On Saturday night, I met some friends for dinner at Michael Jordan’s new restaurant (which, even for a vegetarian, was super yummy and the service was superb) and we sat down to talk about the realness (or lack thereof) of social media “experts,” the marketing industry as a whole, and whether or not PR firms are really worth their salt.
You see, I am told many times, when I tell a new acquaintance what I do for a living, that the person has worked with PR firms in the past and they haven’t gotten their money’s worth.
They’ll say, “Oh yeah. I know it’s hard to measure PR” and they’ll roll their eyes.
I mean, I hear this a lot. I usually just shake my head and say something such as, “Yeah, I hear that a lot” and the conversation moves on.
But I think it’s worth discussing here because, a few days ago, Abbie Fink sent me an article titled, “Your startup’s PR strategy might be crusty and outdated.”
In it, the author – John Hall, the CEO of Digital Talent Agents – wrote:
In the past, public relations required a client to pay a large retainer in order to be mentioned in a sidebar or get quick features published, promoting a service or product. Today, PR is online, and it includes a combination of content marketing, search engine optimization, and thought leadership. Times are changing, and there are some things you should take into consideration when you’re making decisions about your startup’s PR.
People want to see results
In the past, PR companies weren’t held to meeting specific client expectations. They could always hide behind saying, “How do you measure credibility and authority?” Clients consistently felt screwed over by PR companies because they were paying a sizable retainer without any way to gauge the results.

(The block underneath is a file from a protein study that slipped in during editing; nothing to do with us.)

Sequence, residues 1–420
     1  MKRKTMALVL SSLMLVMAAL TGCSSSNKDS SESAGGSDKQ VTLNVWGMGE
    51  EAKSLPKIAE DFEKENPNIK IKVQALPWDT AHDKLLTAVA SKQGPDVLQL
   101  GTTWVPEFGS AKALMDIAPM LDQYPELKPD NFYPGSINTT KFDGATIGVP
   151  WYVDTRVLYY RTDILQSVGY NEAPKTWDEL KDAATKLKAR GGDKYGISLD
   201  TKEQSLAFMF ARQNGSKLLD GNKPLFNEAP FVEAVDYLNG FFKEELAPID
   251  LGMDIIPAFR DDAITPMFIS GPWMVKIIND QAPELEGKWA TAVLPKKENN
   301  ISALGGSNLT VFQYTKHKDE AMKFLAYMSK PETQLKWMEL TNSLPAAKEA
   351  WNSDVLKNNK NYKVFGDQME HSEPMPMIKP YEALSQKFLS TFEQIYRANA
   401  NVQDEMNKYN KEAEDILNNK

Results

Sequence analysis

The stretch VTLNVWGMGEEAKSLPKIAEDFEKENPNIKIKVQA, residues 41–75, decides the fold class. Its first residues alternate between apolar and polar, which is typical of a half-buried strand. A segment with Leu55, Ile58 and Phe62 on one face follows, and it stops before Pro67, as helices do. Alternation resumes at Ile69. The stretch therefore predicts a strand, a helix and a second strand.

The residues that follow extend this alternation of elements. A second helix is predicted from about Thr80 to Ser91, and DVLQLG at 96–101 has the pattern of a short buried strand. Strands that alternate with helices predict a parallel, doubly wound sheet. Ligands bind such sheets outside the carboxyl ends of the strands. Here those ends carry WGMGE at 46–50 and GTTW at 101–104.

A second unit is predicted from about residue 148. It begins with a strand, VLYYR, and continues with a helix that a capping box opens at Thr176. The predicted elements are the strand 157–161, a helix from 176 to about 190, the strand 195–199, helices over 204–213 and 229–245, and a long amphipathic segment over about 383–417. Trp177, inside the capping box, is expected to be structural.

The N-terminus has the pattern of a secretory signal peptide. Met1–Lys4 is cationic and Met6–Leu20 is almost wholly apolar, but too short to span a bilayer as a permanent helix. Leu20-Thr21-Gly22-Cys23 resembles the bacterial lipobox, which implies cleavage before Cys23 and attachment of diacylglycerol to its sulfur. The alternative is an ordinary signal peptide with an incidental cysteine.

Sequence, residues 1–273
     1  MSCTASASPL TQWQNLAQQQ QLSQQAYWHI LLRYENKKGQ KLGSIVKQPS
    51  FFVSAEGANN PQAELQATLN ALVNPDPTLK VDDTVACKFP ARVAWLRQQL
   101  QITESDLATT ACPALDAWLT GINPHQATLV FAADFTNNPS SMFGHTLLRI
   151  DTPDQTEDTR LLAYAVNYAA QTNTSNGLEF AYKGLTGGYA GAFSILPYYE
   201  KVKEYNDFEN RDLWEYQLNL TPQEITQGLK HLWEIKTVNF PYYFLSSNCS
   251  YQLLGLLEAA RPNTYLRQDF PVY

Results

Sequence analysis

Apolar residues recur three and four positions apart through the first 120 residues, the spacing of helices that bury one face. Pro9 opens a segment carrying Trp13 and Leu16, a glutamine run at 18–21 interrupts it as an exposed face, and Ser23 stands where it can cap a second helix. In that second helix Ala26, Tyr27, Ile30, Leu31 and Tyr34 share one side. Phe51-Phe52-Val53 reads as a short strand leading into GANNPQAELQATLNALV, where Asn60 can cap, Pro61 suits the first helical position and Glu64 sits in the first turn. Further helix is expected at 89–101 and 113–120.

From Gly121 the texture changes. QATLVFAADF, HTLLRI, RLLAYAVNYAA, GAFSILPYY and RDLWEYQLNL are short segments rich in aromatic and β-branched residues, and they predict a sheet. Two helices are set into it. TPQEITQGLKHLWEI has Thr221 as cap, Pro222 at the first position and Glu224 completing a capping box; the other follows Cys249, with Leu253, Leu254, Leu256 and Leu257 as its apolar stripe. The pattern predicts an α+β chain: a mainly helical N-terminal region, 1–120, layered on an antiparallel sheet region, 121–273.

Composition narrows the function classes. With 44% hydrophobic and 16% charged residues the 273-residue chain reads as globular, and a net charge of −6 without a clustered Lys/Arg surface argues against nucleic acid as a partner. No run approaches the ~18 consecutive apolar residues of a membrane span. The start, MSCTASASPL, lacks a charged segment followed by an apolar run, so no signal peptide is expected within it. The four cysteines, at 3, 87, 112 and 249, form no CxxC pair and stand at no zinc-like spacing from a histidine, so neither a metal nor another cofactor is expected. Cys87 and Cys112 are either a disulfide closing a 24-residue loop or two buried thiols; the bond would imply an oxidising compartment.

But this isn’t just for a startup’s PR. This is for any PR firm working with a client.
We have to measure PR results to business goals.
Yes, Google analytics is a starting point, but that’s all it is. (I’m not sure the other tools he mentions do anything more than “measure” brand awareness…and don’t really help the case.)
From there, you have to combine the data you get in there with a client’s customer relationship management software, their email marketing software, and their ecommerce software. Without access to all of those things, you are only scratching the surface.
Let me give you an example.
They have a pretty robust content program that includes monthly webinars at the top of the funnel, white papers and eBooks at the middle of the funnel, and a free trial at the bottom of the funnel.
Our goal, of course, is to use content to get people into the free trial. From there, they know exactly how far through the trial a person has to go before they become a customer and their email marketing helps motivate them to that level.
We measure PR in a few ways:
All of this data can be found by combining analytics, Hubspot, and Mailchimp into a spreadsheet we review weekly. We do not track Facebook fans, Twitter followers, YouTube viewers, or Klout scores.
These are both soft and hard metrics, but they lead to the ultimate goal: More customers.
In this example, we know exactly how many people we need to get to the free trial landing page – through content – in order to get them to take it and then what kinds of content – through email – we need to send them so they’ll convert to a customer.
It becomes science and math, combined with art, and it works really, really well.
What this does is creates an opportunity for us to be partners with our clients. They trust us to not only give us access to their data, but also to help them achieve their goals.
And it also holds us completely accountable to the results that really matter to a business leader, owner, or entrepreneur.
We know every week whether or not something is working and can make tweaks or change paths, if necessary. We also are testing a pay-for-performance/retainer hybrid model with this particular client. I’ll let you know by year’s end how it worked.
I agree with John Hall clients want results, but the way we measure them go a step further than he took it in his article.